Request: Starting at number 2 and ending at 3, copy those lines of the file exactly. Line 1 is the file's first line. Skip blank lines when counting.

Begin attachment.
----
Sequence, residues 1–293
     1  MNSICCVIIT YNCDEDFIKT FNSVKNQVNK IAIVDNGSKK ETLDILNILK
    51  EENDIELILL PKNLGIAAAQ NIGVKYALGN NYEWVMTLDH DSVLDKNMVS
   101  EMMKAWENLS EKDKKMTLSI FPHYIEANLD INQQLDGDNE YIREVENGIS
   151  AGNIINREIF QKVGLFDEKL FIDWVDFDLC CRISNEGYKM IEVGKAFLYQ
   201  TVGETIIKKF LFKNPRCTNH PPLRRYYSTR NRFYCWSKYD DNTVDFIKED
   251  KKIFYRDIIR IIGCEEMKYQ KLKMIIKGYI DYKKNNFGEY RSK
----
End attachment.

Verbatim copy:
     1  MNSICCVIIT YNCDEDFIKT FNSVKNQVNK IAIVDNGSKK ETLDILNILK
    51  EENDIELILL PKNLGIAAAQ NIGVKYALGN NYEWVMTLDH DSVLDKNMVS